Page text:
Moonlight Saving Time for Us, Please!

Sheet music for Moonlight Saving TimeWe’re awfully fond of the Harry RichmanIrving Kahal tune, (There Oughta Be a) Moonlight Saving Time, and we invariably think of it on this day every spring.

It was recorded by a wide variety of artists and orchestras when it debuted back in 1931, from Ambrose and His Mayfair Hotel Orchestra to Maurice Chevalier, Guy Lombardo and His Royal Canadians, and Jay Wilbur’s Hottentots, but our favorite rendition, in large part because she sings the verses as well as the chorus (unlike most of the other artists who have recorded, back then and in the years since) is by Cladrite Radio sweetheart Annette Hanshaw, who recorded the song in New York City on May 9, 1931, accompanied by Jimmy Dorsey on clarinet, Sammy Prager on piano and Eddie Lang on guitar.

Our gal Annette’s performance of the song manages to be simultaneously playful, sincere and just a little bit saucy, which shouldn’t be surprising. She was a terrific singer, and it’s a catchy and clever song. Enjoy!

(There Oughta Be a) Moonlight Savings Time

Birdies fly with new ambition,
Spring is in their song.
Soon you’ll find yourself a-wishin’
Days were not so long.
If my thought is not defined,
Listen while I speak my mind:

There oughta be a moonlight saving time
So I could love that boy o’ mine
Until the birdies wake and chime ‘Good morning!’

There oughta be a law in clover time
To keep that moon out overtime,
To keep each lover’s lane in rhyme till dawning.

You’d better hurry up, hurry up
Hurry up, get busy today.
You’d better croon a tune, croon a tune
To the man up in the moon,
And here’s what I’d say:

There oughta be a moonlight saving time
So I could love that boy of mine
Until the birdies wake and chime ‘Good morning!’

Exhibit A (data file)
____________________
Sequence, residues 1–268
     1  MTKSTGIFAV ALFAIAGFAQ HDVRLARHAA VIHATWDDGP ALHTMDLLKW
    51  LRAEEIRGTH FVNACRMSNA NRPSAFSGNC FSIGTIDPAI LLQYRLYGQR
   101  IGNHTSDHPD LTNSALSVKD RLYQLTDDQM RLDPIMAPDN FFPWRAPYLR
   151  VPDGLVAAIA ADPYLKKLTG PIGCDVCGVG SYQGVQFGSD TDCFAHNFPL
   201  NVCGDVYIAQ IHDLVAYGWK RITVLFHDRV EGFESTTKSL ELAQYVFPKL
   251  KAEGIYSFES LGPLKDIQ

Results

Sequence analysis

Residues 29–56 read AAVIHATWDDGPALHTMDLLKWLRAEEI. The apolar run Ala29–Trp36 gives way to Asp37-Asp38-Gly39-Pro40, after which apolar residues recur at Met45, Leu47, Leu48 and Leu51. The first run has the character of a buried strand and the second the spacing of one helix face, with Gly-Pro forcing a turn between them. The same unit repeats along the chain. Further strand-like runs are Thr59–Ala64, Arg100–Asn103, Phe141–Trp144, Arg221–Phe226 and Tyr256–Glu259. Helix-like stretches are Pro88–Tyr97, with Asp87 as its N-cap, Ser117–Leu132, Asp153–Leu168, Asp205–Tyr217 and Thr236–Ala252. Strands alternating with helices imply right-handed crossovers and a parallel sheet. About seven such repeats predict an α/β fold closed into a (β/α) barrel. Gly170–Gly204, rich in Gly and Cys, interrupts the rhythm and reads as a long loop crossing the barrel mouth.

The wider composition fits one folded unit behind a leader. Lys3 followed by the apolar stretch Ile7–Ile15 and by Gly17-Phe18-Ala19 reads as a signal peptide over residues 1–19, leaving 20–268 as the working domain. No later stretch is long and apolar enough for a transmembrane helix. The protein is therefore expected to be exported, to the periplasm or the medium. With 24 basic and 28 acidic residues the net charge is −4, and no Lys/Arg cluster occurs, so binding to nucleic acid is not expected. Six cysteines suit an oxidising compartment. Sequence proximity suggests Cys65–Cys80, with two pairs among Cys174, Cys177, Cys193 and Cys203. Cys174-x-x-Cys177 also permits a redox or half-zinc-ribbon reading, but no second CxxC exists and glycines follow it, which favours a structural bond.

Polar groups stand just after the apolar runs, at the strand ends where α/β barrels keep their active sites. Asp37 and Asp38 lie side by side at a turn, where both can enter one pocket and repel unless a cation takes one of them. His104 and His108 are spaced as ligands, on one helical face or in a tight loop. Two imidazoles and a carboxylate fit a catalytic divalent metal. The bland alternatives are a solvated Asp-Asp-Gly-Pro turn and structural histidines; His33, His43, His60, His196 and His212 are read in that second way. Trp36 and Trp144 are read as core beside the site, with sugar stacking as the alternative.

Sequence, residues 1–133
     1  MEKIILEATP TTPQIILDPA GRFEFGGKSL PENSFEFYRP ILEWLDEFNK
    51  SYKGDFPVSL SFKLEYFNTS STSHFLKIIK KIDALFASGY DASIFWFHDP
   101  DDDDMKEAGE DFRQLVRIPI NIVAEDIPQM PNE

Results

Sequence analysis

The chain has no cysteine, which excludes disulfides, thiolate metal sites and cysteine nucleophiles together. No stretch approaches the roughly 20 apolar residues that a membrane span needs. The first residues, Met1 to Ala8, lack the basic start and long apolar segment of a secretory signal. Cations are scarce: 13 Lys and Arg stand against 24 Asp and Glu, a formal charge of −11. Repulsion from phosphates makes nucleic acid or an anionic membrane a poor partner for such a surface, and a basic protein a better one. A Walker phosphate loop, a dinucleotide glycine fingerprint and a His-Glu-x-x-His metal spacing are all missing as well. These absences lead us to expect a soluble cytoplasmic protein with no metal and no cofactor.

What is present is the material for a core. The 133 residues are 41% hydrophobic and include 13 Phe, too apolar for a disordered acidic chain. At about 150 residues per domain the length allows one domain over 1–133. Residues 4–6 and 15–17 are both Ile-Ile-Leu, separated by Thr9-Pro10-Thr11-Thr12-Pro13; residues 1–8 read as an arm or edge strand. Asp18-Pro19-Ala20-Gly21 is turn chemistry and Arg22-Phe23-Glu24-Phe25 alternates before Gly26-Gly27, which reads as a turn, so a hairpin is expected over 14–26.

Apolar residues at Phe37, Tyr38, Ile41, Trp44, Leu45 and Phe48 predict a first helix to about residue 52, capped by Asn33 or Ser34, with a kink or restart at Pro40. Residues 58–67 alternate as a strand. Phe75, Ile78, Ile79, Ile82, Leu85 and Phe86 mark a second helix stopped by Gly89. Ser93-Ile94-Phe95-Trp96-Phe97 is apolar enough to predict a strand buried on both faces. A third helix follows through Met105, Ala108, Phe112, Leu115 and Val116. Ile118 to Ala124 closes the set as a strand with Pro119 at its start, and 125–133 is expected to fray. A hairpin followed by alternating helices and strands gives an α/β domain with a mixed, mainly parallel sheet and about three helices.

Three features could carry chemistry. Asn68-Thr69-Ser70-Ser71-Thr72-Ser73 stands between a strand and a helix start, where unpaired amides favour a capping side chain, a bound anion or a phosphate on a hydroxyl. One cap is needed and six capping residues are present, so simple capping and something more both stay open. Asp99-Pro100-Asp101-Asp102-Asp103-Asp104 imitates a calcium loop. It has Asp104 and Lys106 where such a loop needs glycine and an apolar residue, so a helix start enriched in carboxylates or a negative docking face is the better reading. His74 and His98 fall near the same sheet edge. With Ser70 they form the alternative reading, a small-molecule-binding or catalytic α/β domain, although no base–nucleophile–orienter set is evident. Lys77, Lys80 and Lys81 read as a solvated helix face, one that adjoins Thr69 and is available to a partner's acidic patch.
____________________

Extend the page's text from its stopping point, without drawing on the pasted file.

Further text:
In January, the nights are very long
But that’s all right.
In happy June comes the honeymoon time;
Days are longer than the nights.

In lovetime season, the moon’s the reason
For every cuddle and kiss.
When days are longer, the nights are shorter.
Something should be done about this.

Oh, there oughta be a moonlight saving time
To make the morning glories climb
An hour later on the vine each morning.

You sorta need a moon to bill and coo,
An old back porch, a birch canoe.
A parlor lamp in June won’t do, I’m warning.

I’ve heard the farmer say, ‘I’ll make hay
While the sun is shining above.’
But when the day is done, night’s begun;
You can ask the farmer’s son, it’s time to make love.

There oughta be a moonlight saving time
So I could love that boy of mine
Until the birdies wake and chime ‘Good morning!’

Words by Irving Kahal; music by Harry Richman—1931

Spring is in on the air

The weather is beyond beautiful in New York City today, putting us in the mood to add some seasonally appropriate songs to the Cladrite Radio playlist.

We’re hard-pressed to pick a favorite among those we chose. Sarah Vaughan‘s 1946 performance of Rodgers and Hammerstein‘s “It Might as Well Be Spring” from State Fair (1945), on which The Divine One accompanied by John Kirby and His Orchestra, is breathtaking. Honestly, it knocks us over.

But we also love Bing Crosby‘s 1946 rendition of “It’s Anybody’s Spring,” on which he’s backed up by J.S. Trotter and His Orchestra. The song, first sung by Crosby and Bob Hope in Road to Utopia (1946), features a sprightly arrangement of Jimmy Van Heusen‘s infectious melody, but Johnny Burke‘s lyrics are, we think, sublime (and we couldn’t agree more with their sentiments). It all adds up to one of our favorite Crosby sides, and we think it just might prove to be one of yours, too.

We’ve made the performance from the movie this week’s Cladrite Clip, but we think the Decca recording’s the primo rendition. Give it a listen, and see if it doesn’t give you a little, er, spring in your step.

Bing Crosby — “It’s Anybody’s Spring”

It’s Anybody’s Spring
You think that money is everything,
and yet it’s anybody’s spring.
Go make a fortune, become a king,
and still it’s anybody’s spring.

And if you flashed a bankroll,
do you suppose the brook would care?
Or that a rose would say,
“There goes a millionaire”?

It’s more than diamonds around a ring,
because it’s anybody’s spring.
You may be born with a silver spoon,
and yet, it’s everybody’s moon.

You couldn’t buy a ticket
to hear the first robin sing.
It’s free because
it’s anybody’s spring.
–Jimmy Van Heusen/Johnny Burke